Now if you are like most people and alcohol is doing you no fat-loss favors, I do have a solution for you. Albeit, there are limitations, but it is a solution!

When it comes to fat gain and fat loss, calories are king. So, even if we can’t necessarily control how our bodies metabolize alcohol, we can control how many calories we consume. This at least takes care of part of the problem! I am assuming that because you are on a fat-loss journey that you are tracking your macros/calories or at least have some ball park as to what you are consuming. If not, read my article on the basics of macro tracking and macro tracking for fat loss. Those will help.

In moderation—I repeat, moderation—you can track alcohol as part of your macros/calories, and that may be the best way to at least keep calories in check! So, let’s dive into how to do that. First, let’s keep it simple and just do calories. Say you are consuming 2,000 calories per day and that has been a deficit for you (slowly losing body fat over time.) You are invited to a New Year’s Party, so of course you are going to drink! Let’s plan ahead and “add in” alcohol for that night. Say you know for sure that you plan on having four Bud Lights and one glass of champagne.

1 Bud Light = 110 calories x 4 = 440 calories

1 Glass of Champagne = 95 calories

Okay, let’s be real—you are having a shot, too. 1 whiskey shot = 105 calories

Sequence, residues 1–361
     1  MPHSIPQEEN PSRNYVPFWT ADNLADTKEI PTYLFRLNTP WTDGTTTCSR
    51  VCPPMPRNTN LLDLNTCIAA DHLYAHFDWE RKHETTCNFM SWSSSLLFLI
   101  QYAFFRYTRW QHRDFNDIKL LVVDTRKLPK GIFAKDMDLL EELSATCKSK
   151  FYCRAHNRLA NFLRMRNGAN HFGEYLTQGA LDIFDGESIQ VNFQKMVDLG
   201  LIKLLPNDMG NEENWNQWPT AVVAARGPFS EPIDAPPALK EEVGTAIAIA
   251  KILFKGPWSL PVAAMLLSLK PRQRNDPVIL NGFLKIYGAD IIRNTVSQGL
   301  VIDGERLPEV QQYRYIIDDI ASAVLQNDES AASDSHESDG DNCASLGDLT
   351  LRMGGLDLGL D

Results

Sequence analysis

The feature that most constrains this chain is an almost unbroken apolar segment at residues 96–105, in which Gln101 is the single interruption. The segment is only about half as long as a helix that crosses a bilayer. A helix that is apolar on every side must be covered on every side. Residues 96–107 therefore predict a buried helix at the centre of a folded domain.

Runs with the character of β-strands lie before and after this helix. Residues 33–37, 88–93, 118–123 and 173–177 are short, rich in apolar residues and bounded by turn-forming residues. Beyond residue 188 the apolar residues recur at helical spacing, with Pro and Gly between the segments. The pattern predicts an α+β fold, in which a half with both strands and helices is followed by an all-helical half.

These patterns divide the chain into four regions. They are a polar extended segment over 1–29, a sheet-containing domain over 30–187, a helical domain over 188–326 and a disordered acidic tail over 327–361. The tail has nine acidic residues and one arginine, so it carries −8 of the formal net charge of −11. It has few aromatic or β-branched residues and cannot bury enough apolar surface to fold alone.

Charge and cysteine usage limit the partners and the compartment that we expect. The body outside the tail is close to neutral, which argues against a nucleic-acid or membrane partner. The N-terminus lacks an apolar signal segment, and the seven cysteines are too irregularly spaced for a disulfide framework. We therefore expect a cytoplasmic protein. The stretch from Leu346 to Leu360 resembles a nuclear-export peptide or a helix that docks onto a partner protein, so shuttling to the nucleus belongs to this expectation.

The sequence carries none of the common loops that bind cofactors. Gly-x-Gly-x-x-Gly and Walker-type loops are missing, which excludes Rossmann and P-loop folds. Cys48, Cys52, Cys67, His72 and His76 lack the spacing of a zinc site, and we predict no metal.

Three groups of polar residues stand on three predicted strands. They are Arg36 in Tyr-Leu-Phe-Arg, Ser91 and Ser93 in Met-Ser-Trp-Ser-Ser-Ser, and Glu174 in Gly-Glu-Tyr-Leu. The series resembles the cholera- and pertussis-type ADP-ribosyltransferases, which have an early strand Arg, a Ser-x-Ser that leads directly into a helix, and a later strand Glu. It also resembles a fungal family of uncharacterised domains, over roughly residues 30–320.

Friends group with santa hats celebrating Christmas with champag

Mirko Vitali ©

So, for the night, you plan on drinking 640 calories worth of alcohol. Therefore, take a look at your day, and plan out the remaining 1,360 calories of food. The food and alcohol combined will at least allow you to hit your calorie target of 2,000. So, at least you won’t be in a calorie surplus even if alcohol metabolism is slow as shit. You can also just choose lighter forms of alcohol, such as White Claws or clear liquors. That will give you a few extra calories to work with. And don’t mix your liquor with shit. Use Diet Coke, soda water, etc. The above calories do not equate for adding in extras.

Now, let’s take that to the next level of measurement. Again, let’s use the 2,000-calorie example just because it is easy math. Say out of that 2,000-calorie goal, your daily macros are 170g protein, 200g, and 65g fat. Ideally, you would want to still hit your protein goals, and only pull calories from carbs and fats. However, know that if you do that, with the amount of alcohol you plan on drinking above, you will essentially have to eat protein and veggies all day to make room for the alcohol. So, if you are cool with that, then have at it.

However, I am sure that what is laid out above is definitely eye opening as to how many calories are in alcohol and how it can really add up and f*ck up your progress. This is a great quantitative example of why drinking weekly or in large quantities will make it extremely hard to lose weight over time.

But it also does prove that having one or two drinks here and there can easily be added into your macros/calories and not affect fat loss at all. The moral of the story is, if you have a fat-loss goal, you may have to sacrifice alcohol more than you think. But that doesn’t mean you have to be a stick in the mud. Simply adjust your daily macros/calories as you need to, and plan ahead! Don’t shoot for cocktails and margs, but keep it simple and trackable. If you can’t measure it, you can’t manage it. So, go have fun, but keep it reasonable, and you will stay right on track!

Header image credit: Dmitrii Shironosov ©